•  MO or Modus Operandi: This is the method the villain will use to commit the crime. Most people who commit crimes regularly have a repetitive pattern, especially in the case of violent criminals. Does the villain strangle his victims with a certain type of rope? Does he leave a rose at the scene? Is the crime scene organized in a certain way? Does each crime take place on a college campus or near a certain truck stop? Does the villain target only women or men? Does he target a certain ethnic background? Perhaps the villain is a thief who only steals a certain type of car or only robs certain types of businesses. These are but a few examples for developing you characters MO. Your choices in this area are nearly limitless. Just keep in mind that the MO should make the crimes unique to your villain and convey something about him or her to the reader.

Once you have developed your villain’s background, motive and MO, you must than envision the crime happening. Some writers choose to begin their stories with the crime as it occurs. Other writers like to start the story with the police or hero arriving at the scene of the crime. Either way works. However, at this point, it’s a good idea for you, as the author, to already know how your hero solves the crime. You should have a general idea of what clues will be found and which supporting characters witnessed the crime.

In all criminal investigations, the investigators will develop an initial list of potential suspects. The list will include people who may have had a grudge against the victim (Motive), as well as a list of suspects previously convicted of a similar crime (MO).

The list of possible suspects is one of the crime or mystery writer’s most useful tools. The list allows the writer to add twists and cast doubts as to who the real villain is. This will increase the suspense of the story and keep readers guessing until the end.

When you have this figured out, you can begin writing your story, leading your hero through a serious of events that help him/her to solve the crime. Watching police dramas on television or reading some good mysteries/crime dramas should help you in this area. Take for instance ‘Law and Order’ or ‘The Profiler’. Each show is a prime example of criminal investigations. Another prime example is Andrew Klavan’s novel ‘True Crime’ in which an investigative reporter discovers a death row inmate scheduled for execution is innocent of the crime and, in turn, must build enough evidence to prove it. In each of these, pay attention to how the characters develop a profile of the villain as well as other potential suspects. Examine the techniques used to investigate and question potential witnesses and possible suspects.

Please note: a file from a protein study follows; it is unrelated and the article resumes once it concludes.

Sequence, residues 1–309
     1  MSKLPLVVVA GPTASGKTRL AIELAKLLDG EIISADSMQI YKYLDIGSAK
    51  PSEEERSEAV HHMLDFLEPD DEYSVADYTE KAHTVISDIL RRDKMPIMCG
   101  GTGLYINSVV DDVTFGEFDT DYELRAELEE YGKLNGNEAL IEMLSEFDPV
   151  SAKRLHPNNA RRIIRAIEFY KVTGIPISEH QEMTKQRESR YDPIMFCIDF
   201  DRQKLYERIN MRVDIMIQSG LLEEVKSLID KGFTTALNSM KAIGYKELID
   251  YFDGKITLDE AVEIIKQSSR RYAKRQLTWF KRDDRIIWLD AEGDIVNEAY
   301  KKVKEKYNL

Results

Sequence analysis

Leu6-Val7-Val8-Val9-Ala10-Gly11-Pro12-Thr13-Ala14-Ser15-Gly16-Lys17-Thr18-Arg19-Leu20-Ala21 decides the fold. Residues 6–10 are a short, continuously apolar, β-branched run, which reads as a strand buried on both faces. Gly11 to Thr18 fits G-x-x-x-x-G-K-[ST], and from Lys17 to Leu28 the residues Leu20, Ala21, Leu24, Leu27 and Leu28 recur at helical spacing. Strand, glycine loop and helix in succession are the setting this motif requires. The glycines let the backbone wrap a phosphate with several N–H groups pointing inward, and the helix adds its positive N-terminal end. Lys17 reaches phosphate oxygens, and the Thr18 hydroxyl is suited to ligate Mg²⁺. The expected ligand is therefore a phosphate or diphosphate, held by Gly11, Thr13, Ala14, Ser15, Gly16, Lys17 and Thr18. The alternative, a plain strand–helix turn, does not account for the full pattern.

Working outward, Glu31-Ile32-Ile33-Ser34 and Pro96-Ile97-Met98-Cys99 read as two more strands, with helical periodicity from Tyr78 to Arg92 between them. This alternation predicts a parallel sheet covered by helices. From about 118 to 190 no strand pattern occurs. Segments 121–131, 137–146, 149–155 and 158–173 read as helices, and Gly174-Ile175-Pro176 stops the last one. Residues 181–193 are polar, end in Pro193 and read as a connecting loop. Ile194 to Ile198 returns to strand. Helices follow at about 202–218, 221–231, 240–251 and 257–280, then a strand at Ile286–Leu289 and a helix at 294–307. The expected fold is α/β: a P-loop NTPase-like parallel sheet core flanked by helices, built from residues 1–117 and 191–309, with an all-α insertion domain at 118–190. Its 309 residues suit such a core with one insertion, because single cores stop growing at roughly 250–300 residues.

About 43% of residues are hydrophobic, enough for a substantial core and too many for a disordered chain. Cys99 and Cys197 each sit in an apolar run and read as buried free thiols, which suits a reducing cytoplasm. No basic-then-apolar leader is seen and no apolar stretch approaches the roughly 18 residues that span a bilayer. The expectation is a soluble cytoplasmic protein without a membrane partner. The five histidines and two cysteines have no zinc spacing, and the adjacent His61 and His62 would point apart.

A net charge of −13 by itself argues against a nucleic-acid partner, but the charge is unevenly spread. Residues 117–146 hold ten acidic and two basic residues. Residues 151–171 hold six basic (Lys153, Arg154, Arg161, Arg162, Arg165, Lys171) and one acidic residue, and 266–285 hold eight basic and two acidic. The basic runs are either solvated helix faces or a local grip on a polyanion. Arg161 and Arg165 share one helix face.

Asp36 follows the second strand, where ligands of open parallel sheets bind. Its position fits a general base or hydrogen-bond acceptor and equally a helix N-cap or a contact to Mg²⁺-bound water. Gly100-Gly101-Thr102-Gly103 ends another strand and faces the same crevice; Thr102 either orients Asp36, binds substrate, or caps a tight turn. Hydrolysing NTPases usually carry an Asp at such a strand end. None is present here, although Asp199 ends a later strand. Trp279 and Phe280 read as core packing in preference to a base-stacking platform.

Once you have tuned yourself to thinking like an investigator, writing your story should become easier. Luckily there are plenty of resources for writers to learn about criminal investigations and criminal profiling. A quick trip to your local library or bookstore should give you easy access to them.

One series of books that I found particularly useful is the Mind Hunter series by John Douglas and Mark Olshaker. John Douglas is a renowned profiler for the F.B.I. Through each of his books he brings readers into the minds of the world’s most dangerous criminals. Covering everyone from John Wayne Gacy and Ted Bundy to the Unabomber and Timothy McVeigh, Douglas gives readers a glimpse of the crime scenes and explains how criminal and psychological profiles were built on each. I found it a must for anyone developing a violent criminal character for his or her story.

I would also recommend the ‘Howdunit’ series to anyone writing crime or suspense fiction. This series, published by Writer’s Digest Books, is an excellent set of reference tools. Covering every technical aspect of crime fiction in an easy to use format, writers can research everything from crime scene investigations, police procedure and forensic medicine to criminal MO, poisons, and different types of crimes. A must-read for any writer who wants to get the finer details precise and accurate.

You should now have a wealth of resources to draw from when writing your story. All you need to do now is think up the perfect crime.

Copyright Information

Downloadable versions of Vision
(Adobe Acrobat™ and Palm Systems™)